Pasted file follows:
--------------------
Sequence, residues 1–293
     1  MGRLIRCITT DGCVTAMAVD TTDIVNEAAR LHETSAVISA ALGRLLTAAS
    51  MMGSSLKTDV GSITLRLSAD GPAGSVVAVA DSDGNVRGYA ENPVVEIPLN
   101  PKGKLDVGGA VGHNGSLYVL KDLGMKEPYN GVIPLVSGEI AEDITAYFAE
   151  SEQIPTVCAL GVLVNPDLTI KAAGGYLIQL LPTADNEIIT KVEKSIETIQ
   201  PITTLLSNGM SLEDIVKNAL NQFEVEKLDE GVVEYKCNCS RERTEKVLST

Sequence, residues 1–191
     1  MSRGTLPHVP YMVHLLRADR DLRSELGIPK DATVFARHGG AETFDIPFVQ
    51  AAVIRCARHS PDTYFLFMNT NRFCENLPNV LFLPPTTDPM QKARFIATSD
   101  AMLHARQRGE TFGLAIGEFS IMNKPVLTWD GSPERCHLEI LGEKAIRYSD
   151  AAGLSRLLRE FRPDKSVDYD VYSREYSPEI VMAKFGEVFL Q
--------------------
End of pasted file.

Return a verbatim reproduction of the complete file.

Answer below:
Sequence, residues 1–293
     1  MGRLIRCITT DGCVTAMAVD TTDIVNEAAR LHETSAVISA ALGRLLTAAS
    51  MMGSSLKTDV GSITLRLSAD GPAGSVVAVA DSDGNVRGYA ENPVVEIPLN
   101  PKGKLDVGGA VGHNGSLYVL KDLGMKEPYN GVIPLVSGEI AEDITAYFAE
   151  SEQIPTVCAL GVLVNPDLTI KAAGGYLIQL LPTADNEIIT KVEKSIETIQ
   201  PITTLLSNGM SLEDIVKNAL NQFEVEKLDE GVVEYKCNCS RERTEKVLST

Sequence, residues 1–191
     1  MSRGTLPHVP YMVHLLRADR DLRSELGIPK DATVFARHGG AETFDIPFVQ
    51  AAVIRCARHS PDTYFLFMNT NRFCENLPNV LFLPPTTDPM QKARFIATSD
   101  AMLHARQRGE TFGLAIGEFS IMNKPVLTWD GSPERCHLEI LGEKAIRYSD
   151  AAGLSRLLRE FRPDKSVDYD VYSREYSPEI VMAKFGEVFL Q